2018 Reference Guide

2018 Reference Guide

  • 14 Mar Off
IRAs & Qualified Plans
Contribution Limits 
IRA or Roth IRA contribution limit$5,500
IRA or Roth IRA catch-up (age 50 or older)$1,000
Traditional IRA deduction phaseout
Participants in a retirement plan
Single$63,000 - $73,000
Married filing jointly$101,000 - $121,000
Married filing separately$0 - $10,000
Spousal IRA$189,000 - $199,000
Roth IRA phaseout
Single$120,000 - $135,000
Married filing jointly$189,000 - $199,000
Qualified Plans
Elective deferrals to
401(k), 403(b), 457, and SARSEPs
Catch-up contribution (age 50 or older)$6,000
Defined contribution plan limit
(Section 415(c)(1)(A))
Defined benefit plan limit
(Section 415(b)(1)(A))

Simple IRA & SEP IRA

SEP IRA contribution limitLesser of $55,000 or 25% of compensation
SIMPLE Plan contribution limit$12,500
Catch-up contribution (age 50 or older)$3,000
Maximum compensation limit for
retirement plans
Key employee (top-heavy plans)Above $175,000
Highly compensated employee$120,000

Health Savings Account

Minimum Deductible Amount 
Maximum Out-of-Pocket Amount
HSA Contribution Limit
Catch-up contribution
(age 55 or older)


Coverdell Education Savings Accounts 
Contribution limit$2,000
Single phaseout$95,000 - $110,000
Married filing jointly phaseout$190,000 - $220,000
Lifetime Learning Credit - 20% of qualified expenses
Expense limit$10,000
Single phaseout$57,000
Married filing jointly phaseout$114,000

529 Plans
Eligible for private elementary and secondary school expenses up to
$10,000. Up to $15,000 (annual gift tax exclusion) can be transferred
tax-free to a 529A ABLE account if the beneficiary is the same person.

Estate & Gift Tax

Individual estate tax exclusion (Federal) (Any
unused amount can transfer to a surviving spouse)
Maximum estate tax rate40%
Gift tax exclusion$11,200,000
Generation-skipping exclusion$11,200,000
Annual gift tax exclusion (per recipient)$15,000
Lump sum accelerated gift to a 529 plan
(5-year rule)
States with an estate tax and/or inheritance tax: CT, DE, DC, HI, IL, IA,
KY, ME, MD, MA, MN, NE, NJ, NY, OR, PA, RI, VT, and WA

Alternative Minimum Tax (AMT)

Married filing jointly$109,400$1,000,000
Alternative Minimum Tax Rates
26% up to $191,500 of AMT base
28% over $191,500 of AMT base

Social Security

Social Security wage base$128,400
Social Security cost-of-living adjustment2%
Quarter of coverage (earnings for Social Security)$1,320
Maximum benefit (worker retiring at FRA)$2,788
Estimated average monthly benefit$1,404

Social Security benefits are reduced if someone receives benefits and
continues to work. The benefit is reduced $1 for every $2 or $3 earned
above the 2018 earnings wage base of $128,400. There is no reduction
at FRA.
For additional information about Social Security, please see Manning &
Napier’s 2018 Social Security Guide.

Important Dates & Deadlines

Contribution deadlines for Traditional IRAs, Roth IRAs, and SEP IRAs

2017 ContributionsApril 17, 2018
2018 ContributionsApril 15, 2019
2018 Roth IRA ConversionsDecember 31, 2018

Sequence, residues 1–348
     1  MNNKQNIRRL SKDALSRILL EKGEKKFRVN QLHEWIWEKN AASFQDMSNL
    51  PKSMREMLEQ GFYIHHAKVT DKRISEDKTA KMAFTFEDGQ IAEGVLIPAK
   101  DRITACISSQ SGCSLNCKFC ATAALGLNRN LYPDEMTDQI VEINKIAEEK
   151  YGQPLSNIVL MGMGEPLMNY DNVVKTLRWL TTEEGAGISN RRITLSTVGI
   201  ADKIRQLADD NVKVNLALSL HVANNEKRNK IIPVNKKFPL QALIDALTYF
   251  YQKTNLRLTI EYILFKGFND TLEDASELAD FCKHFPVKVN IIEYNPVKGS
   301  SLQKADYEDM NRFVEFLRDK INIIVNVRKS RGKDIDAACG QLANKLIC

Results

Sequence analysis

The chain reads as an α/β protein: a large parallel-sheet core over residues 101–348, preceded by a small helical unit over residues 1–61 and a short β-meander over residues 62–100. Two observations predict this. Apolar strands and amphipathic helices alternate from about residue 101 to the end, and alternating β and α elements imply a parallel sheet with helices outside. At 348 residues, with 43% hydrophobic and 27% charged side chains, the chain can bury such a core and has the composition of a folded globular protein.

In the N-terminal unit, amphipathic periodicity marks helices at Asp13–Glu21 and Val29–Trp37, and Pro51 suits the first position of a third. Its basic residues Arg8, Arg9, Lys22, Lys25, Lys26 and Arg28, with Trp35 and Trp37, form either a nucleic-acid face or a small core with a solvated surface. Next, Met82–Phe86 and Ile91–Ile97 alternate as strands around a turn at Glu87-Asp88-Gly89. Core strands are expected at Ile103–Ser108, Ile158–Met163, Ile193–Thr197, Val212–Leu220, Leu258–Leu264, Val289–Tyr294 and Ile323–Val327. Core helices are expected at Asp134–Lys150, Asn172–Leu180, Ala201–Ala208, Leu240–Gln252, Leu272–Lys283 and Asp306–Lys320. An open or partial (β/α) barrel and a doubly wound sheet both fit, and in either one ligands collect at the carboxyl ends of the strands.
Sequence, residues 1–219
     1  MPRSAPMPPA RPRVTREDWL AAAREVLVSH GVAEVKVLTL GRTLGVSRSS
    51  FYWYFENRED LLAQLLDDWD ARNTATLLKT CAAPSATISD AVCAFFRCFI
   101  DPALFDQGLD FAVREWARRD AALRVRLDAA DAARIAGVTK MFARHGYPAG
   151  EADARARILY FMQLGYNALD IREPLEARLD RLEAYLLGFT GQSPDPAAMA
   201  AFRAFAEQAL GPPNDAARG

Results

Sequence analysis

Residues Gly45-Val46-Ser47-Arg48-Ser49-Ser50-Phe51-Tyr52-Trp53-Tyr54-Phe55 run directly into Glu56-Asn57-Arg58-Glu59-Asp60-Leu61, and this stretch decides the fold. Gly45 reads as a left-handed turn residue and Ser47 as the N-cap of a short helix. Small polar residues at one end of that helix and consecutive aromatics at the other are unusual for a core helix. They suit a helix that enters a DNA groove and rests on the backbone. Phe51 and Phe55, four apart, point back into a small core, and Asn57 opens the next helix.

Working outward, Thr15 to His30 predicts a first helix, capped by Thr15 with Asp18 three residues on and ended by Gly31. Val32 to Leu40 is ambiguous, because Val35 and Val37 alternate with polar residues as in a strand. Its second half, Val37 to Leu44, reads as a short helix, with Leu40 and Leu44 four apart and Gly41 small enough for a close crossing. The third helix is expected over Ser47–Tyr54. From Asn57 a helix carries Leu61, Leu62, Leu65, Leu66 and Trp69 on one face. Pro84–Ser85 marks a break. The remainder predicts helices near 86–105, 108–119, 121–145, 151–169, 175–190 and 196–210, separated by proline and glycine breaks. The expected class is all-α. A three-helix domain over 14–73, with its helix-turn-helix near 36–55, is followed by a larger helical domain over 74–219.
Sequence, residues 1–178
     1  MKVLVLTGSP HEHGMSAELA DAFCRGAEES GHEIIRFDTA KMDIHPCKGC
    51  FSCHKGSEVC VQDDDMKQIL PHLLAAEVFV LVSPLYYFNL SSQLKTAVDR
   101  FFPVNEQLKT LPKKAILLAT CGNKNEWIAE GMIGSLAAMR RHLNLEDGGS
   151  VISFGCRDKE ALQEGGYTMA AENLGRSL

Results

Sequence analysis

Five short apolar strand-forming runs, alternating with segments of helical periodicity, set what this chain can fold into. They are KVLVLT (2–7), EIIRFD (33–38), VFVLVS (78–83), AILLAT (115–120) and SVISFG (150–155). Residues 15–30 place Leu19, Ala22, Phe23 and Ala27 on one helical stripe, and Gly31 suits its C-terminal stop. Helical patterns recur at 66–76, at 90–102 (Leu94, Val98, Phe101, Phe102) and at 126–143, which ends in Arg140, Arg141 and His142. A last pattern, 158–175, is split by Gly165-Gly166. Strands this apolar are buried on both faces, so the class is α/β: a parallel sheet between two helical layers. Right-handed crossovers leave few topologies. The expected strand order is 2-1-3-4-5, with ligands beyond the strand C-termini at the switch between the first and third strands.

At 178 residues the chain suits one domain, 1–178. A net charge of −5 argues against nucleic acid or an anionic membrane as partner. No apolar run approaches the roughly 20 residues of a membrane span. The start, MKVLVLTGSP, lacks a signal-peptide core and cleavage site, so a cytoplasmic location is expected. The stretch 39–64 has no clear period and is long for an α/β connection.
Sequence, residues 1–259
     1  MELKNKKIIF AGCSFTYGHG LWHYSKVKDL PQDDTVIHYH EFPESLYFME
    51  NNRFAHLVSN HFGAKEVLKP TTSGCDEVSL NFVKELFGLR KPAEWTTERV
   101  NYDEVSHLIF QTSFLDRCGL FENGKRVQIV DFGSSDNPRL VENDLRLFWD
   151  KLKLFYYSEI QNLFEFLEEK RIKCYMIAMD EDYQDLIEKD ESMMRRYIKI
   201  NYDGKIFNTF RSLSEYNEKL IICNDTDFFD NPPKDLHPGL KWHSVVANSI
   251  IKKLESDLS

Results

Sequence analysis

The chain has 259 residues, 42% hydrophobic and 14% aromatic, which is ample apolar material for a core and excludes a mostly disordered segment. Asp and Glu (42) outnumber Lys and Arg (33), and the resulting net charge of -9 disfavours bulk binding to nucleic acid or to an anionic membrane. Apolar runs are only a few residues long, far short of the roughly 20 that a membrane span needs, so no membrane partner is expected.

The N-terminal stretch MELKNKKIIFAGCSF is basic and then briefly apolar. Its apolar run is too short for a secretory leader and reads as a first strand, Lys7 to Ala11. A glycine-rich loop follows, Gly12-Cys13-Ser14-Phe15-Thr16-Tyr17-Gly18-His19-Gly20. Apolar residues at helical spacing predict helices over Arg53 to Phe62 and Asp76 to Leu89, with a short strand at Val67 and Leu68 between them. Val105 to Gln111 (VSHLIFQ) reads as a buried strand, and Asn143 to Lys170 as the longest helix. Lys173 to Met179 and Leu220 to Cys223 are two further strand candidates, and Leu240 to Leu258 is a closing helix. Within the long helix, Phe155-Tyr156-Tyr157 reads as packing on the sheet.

Required Minimum Distributions (RMDs)
Age of IRA holder:First RMD Deadline*:
Turn 70 in first half of 2017 (before July 1)April 1, 2018
Turn 70 in second half of 2017 (on or after July 1)April 1, 2019
Turn 70 in first half of 2018April 1, 2019
Turn 70 in second half of 2018April 1, 2020

*Subsequent RMDs must be taken by December 31 of each year.
By waiting until April of the year after turning 70 ½ to take the first RMD,
it is important to note that an IRA owner must then take two distributions
before December 31 of that year (i.e. your prior year’s RMD and the
current year’s RMD).

2017 Tax Form Mailing Deadlines for Custodians 
Form 1099-R (Retirement Account Distributions)January 31, 2018
Consolidated Form 1099s (Taxable Accounts)February 28, 2018*
*Extended deadline for accounts with securities
pending final tax information (REITs, WHFITs,
March 15, 2018
Form 5498 (IRA & Retirement Account
May 31, 2018

2018 Estimated Tax Payments 
For the period
January 1 - March 31
Due date
April 17, 2018
April 1 - May 31June 15, 2018
June 1 - August 31September 17, 2018
September 1 - December 31January 15, 2019
Capital Gains & Qualified Dividends
For 2018, rates are applied to taxable income levels:
Tax RateSingleMarried Filing Jointly
0%$0 - $38,600$0 - $77,200
15%$38,600 - $425,800$77,200 - $479,000
20%over $425,800over $479,000

(Short-term capital gains are taxed at income tax rates)
Medicare contribution tax on investment income:3.8%

Tax is applied to the lower of net investment income or modified
adjusted gross income over certain thresholds ($250,000 joint filers/
$200,000 single filer).    

Income Tax Rate Schedules

If Taxable Income Is:Then the Gross Tax Payable Is:

OverBut not overAmountPlus (%)Of the amount over

Single Taxpayers    
$0$9,525--------- 10% of taxable income-----------

Married Filing Jointly    
$0$19,050--------10% of taxable income-----------

The income tax brackets for Married Filing Separately are half of
the amounts for Married Filing Jointly. The brackets for Heads of